A. S. Byatt on Not Lending Books

I have to confess that I no longer lend any book ever to anybody. Because it is exactly the book you most love that you feel you might lend to somebody. And it never comes back. It just never comes back. … There are so many books in my life that I couldn’t bear anyone to take away that I can’t quite think of it in my head what they might be because, in fact, the ones I most love, like, say, George Eliot’s Middlemarch, are also much the easiest to replace if somebody, by any chance, goes off with your copy. But when I was teaching at university, I used to, as it were, analyse the book in the front cover. So any copy I have ever taught, has got all my own, as it were, mapping and structural analysis in. And if anybody takes that even out of the shelves, I tremble with anxiety. And it’s true that the most honest people do walk off with books.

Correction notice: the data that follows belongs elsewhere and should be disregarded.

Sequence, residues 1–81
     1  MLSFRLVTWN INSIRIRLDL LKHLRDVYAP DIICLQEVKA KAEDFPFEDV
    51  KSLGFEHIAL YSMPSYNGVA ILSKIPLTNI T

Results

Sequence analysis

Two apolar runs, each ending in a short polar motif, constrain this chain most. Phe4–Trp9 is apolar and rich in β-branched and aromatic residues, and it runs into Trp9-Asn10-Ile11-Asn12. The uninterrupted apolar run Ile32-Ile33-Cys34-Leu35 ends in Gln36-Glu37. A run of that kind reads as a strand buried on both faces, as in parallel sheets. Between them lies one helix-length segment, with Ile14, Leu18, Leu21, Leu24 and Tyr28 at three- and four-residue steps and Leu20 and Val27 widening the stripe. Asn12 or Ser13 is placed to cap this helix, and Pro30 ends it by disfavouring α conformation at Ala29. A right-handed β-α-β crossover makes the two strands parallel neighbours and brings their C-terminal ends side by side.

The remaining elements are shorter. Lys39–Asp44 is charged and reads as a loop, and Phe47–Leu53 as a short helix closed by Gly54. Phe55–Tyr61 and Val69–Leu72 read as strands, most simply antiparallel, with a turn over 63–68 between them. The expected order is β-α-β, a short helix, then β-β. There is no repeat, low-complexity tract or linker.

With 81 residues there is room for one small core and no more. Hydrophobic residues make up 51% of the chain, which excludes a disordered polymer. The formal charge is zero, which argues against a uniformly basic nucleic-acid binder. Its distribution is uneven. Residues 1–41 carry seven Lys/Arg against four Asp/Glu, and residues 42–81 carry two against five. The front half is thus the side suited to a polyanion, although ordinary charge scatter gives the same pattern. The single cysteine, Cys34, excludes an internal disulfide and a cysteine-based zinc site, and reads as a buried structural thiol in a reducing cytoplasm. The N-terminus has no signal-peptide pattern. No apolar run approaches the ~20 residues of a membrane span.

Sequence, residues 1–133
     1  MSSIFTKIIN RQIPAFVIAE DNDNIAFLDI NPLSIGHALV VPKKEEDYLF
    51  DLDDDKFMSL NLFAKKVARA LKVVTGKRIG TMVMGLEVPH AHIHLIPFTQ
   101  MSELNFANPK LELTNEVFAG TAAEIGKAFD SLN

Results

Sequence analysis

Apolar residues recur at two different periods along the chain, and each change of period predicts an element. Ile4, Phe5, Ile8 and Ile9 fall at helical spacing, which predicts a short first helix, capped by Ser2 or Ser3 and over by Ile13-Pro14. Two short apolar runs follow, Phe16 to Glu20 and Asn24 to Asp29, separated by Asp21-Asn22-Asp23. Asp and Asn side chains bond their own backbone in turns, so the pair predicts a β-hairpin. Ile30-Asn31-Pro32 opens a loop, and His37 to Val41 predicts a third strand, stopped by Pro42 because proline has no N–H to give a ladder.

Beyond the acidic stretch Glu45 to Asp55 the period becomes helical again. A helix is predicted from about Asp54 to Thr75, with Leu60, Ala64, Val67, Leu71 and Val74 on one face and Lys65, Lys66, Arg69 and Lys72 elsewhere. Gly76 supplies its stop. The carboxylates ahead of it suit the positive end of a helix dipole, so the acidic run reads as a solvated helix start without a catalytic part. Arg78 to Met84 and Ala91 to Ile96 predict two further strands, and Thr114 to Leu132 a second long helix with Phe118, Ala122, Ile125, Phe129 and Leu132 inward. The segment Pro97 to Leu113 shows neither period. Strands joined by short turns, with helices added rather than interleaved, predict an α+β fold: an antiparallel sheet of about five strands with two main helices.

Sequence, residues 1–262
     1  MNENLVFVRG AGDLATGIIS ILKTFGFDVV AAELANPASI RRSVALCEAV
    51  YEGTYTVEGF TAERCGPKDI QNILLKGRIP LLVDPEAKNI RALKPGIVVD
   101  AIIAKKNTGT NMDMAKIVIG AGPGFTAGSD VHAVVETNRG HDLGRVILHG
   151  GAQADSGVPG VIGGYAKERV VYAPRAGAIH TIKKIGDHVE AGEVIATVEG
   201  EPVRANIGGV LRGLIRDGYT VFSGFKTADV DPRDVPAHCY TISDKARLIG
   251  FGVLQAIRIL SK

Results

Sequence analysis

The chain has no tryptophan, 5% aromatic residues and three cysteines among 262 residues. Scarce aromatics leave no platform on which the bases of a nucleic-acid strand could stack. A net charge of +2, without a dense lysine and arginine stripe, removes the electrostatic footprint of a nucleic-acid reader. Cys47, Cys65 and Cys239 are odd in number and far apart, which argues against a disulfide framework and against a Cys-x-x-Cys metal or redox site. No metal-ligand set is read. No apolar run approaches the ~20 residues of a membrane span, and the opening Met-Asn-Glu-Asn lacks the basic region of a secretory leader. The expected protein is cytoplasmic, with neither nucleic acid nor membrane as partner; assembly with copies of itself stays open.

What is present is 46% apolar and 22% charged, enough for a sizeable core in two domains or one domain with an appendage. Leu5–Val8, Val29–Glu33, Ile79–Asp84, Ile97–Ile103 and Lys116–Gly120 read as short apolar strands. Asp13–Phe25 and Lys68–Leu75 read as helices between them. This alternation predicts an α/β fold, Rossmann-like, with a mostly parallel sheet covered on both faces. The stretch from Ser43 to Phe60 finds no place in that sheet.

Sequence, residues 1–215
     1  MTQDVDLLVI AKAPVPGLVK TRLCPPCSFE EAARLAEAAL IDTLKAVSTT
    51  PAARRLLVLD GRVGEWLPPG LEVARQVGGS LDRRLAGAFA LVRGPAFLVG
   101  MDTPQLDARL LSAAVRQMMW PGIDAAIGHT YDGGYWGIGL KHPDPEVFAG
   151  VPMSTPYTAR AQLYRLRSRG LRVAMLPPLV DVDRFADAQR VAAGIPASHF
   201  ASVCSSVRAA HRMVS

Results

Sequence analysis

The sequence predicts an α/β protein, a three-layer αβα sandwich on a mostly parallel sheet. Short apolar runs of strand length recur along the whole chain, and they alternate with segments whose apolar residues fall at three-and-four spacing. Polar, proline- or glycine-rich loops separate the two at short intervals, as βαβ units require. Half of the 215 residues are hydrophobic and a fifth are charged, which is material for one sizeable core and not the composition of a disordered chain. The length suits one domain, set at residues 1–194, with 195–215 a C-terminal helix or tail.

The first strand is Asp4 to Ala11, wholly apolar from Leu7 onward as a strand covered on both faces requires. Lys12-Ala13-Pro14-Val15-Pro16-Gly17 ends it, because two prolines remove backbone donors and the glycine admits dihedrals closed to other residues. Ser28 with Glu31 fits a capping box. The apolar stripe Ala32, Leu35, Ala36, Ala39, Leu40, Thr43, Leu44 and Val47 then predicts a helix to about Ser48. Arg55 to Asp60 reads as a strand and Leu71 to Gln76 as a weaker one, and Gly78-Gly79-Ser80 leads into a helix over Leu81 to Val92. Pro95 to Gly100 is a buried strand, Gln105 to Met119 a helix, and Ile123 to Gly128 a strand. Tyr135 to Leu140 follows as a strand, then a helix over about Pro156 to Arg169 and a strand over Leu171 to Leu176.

(A. S. Byatt, BBC World Book Club, March 2004)